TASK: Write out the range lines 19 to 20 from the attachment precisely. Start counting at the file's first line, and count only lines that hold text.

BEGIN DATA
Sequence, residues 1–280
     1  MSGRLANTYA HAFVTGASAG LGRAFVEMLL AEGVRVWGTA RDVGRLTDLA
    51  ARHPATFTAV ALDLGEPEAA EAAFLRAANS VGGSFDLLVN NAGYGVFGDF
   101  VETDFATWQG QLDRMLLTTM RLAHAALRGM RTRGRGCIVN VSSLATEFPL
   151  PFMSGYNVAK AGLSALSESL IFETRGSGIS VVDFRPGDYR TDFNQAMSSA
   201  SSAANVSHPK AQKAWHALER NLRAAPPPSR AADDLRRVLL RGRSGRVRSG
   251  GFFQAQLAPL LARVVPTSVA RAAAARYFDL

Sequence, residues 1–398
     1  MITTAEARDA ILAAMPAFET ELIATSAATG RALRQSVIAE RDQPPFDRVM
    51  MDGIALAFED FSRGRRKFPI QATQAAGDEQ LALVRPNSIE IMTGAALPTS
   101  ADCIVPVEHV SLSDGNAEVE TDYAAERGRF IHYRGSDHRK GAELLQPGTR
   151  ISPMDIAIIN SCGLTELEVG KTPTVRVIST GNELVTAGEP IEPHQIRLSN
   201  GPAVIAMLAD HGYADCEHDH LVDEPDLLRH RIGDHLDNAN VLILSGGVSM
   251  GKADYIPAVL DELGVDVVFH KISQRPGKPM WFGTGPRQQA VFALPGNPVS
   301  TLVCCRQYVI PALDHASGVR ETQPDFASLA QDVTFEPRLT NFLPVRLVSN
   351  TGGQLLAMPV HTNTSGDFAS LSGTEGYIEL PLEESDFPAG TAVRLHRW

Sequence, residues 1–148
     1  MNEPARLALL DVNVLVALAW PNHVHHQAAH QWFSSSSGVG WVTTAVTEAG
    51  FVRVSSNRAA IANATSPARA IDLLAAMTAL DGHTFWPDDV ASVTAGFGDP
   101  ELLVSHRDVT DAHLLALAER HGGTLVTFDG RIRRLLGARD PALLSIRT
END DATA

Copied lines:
    51  FVRVSSNRAA IANATSPARA IDLLAAMTAL DGHTFWPDDV ASVTAGFGDP
   101  ELLVSHRDVT DAHLLALAER HGGTLVTFDG RIRRLLGARD PALLSIRT